Jimmy Neutron is the latest addition to the animated cinema genre. Does it add to the genre? Break new ground? Have a great story that kids and adults will like? Is it worth watching at all? No.What keeps us going back to animation is the pushing of boundaries. Be it conventional or computer animation, in recent years the breakthroughs in animation are a wonder and are great spectacle.
From the original Fantasia in the 1940s to Final Fantasy the technical wizardry is continually raising its standard. The animation is to such a standard that soon we may even get rid of actors. I'm sure the Hollywood execs that have to sign the $20 million cheques will be happy to see the back of them.
Not that ace animation is enough to keep us happy. Good stories and characters maintain their importance of course. A few in-jokes seem to work well. The good ones also remember that families do actually include adults and so a Family Film should have something to appeal to the oldies.
The animation standard wouldn't matter completely if the story and characters were good enough. Aardman and South Park have more than proved that with their old school styles and appearances the movie can be, respectively, a joy and an outrage.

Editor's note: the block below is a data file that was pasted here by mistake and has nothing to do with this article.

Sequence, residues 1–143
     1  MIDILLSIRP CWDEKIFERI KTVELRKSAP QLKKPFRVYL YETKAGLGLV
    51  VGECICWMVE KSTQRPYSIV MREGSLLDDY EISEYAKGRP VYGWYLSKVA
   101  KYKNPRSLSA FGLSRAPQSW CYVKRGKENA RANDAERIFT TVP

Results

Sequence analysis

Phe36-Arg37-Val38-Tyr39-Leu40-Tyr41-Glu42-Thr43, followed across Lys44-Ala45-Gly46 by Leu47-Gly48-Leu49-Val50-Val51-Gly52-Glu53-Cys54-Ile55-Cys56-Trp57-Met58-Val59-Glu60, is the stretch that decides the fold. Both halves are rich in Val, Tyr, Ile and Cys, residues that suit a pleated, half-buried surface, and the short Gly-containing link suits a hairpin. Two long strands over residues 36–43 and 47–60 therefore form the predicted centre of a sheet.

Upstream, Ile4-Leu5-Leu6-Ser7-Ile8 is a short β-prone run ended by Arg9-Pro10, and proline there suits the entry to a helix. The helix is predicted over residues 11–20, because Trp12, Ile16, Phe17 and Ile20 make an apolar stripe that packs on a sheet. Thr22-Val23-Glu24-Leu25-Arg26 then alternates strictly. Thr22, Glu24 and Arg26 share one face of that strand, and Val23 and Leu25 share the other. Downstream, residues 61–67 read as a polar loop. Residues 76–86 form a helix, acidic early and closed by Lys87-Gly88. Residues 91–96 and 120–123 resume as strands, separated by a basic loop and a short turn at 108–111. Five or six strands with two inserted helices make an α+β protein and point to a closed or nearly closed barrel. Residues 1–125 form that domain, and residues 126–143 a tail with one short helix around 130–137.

Which brings us to Jimmy Neutron which is neither cutting edge animation, a good story with good characters nor have any qualities that might appeal to adults.
Jimmy's a bit of a nerdo brainster who has a fancy of inventing things. One of the things that he invents is a communicator that talks to aliens. The aliens respond and decide to nab all the adults. So Jimmy, not realising this is a good thing, gathers his friends to get them back.
Neutron is a disappointing, bog-standard, animation by the numbers that will bore adults and is strictly under sixer baby sitter material.
The animation is only off the shelf - in its technical standard, execution and imagination. The idea of Jimmy Neutron is twenty years old and the standard of animation seems to match that age. The audience has now demanded something much superior. Neutron is Saturday morning stuff.
Stewart and Short should have the talent to lift the film into something a little bit funny. And they do just that - they make it a little bit funny as they ham it up as much as the poor script allows. Derryberry's voicing for the title role is excruciating.This film reeks of merchandise overkill. And so it intends to be. A tagline of this film is, 'Don't try this at home,' you would be best advised not to try this at the cinema.